Returning to Peru, Amid Signs of Change
Six years ago this month we flew from Peru back to the States, having finished our yearlong term as SST directors. In our final blog post, we wrote: “We return to Goshen with a deeper appreciation for the educational value of SST and for the gifts that Goshen College students have to offer the world. We will forever remember our Peruvian friends and experiences, and hope to return before long. Whatever we have given, we have received more.”
While we honestly hoped to return one day, we also knew that this would be a long shot. . . and yet, here we are, grateful to be back among friends and familiar places in the city of Lima. In many ways, though, we feel less like veterans and more like students moving up to a new grade in school. Notebooks open, pencils at the ready.
We’re benefiting from a program that has evolved, adding new speakers, field trips, workshops, host families. In another striking change from our first time here, we’ve begun learning to know the deaf culture in Peru — and some basic signs (a hand pointing from ear to mouth means “deaf”). The fall group includes eight students who are majoring in ASL. They’ll be living with host families who have at least one deaf member; several of our speakers will be drawn from the deaf community, and we have some interesting field trips planned to engage with members of the deaf community.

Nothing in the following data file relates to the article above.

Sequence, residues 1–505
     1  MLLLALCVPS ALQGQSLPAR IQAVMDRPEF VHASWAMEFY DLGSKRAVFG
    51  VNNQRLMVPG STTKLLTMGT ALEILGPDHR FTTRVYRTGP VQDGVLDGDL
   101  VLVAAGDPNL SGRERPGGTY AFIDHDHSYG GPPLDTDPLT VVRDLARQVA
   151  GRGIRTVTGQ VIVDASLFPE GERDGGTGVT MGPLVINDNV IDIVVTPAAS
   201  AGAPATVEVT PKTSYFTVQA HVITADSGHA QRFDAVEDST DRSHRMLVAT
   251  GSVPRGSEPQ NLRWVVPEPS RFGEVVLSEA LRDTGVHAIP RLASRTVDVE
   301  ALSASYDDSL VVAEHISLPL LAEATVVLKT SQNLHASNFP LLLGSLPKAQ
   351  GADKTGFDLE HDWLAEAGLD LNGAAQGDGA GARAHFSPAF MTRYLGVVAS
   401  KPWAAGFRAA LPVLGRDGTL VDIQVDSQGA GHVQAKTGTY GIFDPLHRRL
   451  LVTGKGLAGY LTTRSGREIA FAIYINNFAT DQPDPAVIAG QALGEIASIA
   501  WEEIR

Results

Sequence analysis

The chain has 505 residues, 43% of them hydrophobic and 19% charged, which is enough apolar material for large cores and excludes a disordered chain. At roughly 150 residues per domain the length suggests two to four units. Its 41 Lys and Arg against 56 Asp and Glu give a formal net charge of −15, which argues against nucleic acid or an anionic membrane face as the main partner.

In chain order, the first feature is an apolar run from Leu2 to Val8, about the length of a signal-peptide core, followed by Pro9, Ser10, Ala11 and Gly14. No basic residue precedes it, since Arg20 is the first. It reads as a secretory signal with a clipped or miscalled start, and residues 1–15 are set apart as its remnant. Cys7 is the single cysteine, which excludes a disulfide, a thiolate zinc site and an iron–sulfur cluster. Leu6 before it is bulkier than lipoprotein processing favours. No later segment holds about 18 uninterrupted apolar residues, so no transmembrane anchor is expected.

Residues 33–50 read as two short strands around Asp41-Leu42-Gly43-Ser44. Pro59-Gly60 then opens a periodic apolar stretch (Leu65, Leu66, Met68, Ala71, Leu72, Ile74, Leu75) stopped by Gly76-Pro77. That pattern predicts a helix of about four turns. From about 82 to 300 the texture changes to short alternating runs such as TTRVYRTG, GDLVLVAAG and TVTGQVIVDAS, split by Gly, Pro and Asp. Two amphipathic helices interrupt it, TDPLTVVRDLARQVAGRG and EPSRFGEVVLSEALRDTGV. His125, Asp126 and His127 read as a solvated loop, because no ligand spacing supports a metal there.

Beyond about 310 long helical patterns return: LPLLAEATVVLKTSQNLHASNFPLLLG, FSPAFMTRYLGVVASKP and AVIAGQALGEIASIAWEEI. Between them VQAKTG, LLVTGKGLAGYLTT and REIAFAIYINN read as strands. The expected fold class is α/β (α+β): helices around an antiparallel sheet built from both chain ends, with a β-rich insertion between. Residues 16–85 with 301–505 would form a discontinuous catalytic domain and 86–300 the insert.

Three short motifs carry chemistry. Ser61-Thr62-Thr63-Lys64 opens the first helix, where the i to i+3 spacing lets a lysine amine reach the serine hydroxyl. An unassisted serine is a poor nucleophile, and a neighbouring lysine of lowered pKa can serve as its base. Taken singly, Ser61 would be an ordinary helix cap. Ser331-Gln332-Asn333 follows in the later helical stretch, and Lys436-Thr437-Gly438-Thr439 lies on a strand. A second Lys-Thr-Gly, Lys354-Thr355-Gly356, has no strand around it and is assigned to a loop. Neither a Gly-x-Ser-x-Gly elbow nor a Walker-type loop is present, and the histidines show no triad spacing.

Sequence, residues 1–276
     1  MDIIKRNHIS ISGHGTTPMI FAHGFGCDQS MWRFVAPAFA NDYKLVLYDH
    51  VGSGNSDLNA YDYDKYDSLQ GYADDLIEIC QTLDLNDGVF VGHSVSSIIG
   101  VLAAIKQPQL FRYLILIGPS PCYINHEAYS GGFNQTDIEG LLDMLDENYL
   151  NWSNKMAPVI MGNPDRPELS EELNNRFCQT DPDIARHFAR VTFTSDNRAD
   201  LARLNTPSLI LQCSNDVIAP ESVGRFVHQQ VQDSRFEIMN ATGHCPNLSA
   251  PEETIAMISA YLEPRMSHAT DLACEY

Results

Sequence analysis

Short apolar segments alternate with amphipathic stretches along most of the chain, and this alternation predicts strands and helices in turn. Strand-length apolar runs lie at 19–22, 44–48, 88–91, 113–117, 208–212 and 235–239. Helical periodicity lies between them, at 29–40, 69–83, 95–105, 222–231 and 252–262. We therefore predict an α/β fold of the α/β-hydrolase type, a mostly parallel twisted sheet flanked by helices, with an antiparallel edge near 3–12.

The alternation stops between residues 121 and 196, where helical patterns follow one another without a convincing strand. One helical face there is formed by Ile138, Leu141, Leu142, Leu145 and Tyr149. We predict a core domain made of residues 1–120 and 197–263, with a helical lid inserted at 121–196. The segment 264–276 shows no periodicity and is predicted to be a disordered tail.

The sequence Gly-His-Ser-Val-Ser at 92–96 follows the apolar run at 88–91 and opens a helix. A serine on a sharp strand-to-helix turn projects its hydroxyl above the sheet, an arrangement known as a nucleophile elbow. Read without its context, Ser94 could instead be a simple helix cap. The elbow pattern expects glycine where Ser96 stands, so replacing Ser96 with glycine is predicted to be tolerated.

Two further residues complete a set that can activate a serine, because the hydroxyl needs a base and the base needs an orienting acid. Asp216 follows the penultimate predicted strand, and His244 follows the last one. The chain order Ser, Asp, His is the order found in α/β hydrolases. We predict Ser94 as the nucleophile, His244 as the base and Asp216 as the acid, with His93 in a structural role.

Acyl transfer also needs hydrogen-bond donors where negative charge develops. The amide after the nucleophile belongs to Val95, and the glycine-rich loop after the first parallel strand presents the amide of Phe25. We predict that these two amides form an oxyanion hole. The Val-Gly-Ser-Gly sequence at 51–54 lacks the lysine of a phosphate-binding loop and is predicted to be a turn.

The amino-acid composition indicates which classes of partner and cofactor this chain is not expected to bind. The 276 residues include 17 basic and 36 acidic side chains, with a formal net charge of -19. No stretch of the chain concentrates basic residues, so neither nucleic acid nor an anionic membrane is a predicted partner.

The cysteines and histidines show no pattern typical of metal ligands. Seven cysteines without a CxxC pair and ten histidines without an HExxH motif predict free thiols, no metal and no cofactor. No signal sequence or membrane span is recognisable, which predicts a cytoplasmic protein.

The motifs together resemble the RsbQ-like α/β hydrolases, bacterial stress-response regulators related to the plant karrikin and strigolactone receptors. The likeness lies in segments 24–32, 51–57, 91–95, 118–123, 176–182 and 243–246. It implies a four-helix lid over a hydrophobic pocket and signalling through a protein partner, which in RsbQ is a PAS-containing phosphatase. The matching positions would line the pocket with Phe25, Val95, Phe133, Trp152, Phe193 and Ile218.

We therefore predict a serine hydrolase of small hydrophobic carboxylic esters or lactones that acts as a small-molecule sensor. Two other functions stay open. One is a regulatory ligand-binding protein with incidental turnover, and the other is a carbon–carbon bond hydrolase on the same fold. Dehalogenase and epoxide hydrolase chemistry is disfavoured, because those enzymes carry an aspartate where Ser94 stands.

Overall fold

We were fortunate to have two weeks of overlap with Richard Aguirre and Judy Weaver, the most generous, gracious and knowledgeable of transition guides; on their last night in Lima, they welcomed us to Casa Goshen, which for us is a new apartment.
We’ve been preparing for the fall group with the expert help of Celia Vasquez, our study coordinator in Lima, and Wilfredo “Willy” Villavicencio, our service coordinator. Through plates of Papa a la Huancaína and Causa, we’ve been reminded that Alicia Taipe Tello, who prepares meals for the students several times a week and provides some housekeeping assistance at Casa Goshen, is a cook of the highest order.
Our two daughters serve as a poignant marker of the passage of time. When we arrived in Lima seven years ago, we were all together. Our oldest daughter, Kate, was entering 10th grade; our youngest daughter, Emily, was starting sixth grade. Each morning we’d see them off, dressed in their blue school uniforms, with change in hand to pay for their ride on a city bus.
This time, we’ve been Skyping with both daughters. Kate is packing up in Goshen, having graduated from Goshen College in the spring, bound for a voluntary service position in Washington, D.C. Emily, who just graduated from Goshen High School, is also back in Peru, but striking out on her own. She’s living near Cusco and working as a teacher’s assistant at the Promesa school, a bilingual Christian school started by the Mennonite Church in Peru.
One week from now, hopefully well before midnight, our family will quadruple in size, when 16 students are scheduled to arrive at the Lima airport. We’re eager to welcome them and begin a journey of friendship and learning, ready to be transformed and ever alert to God’s presence along the way. We wish our students safe travels.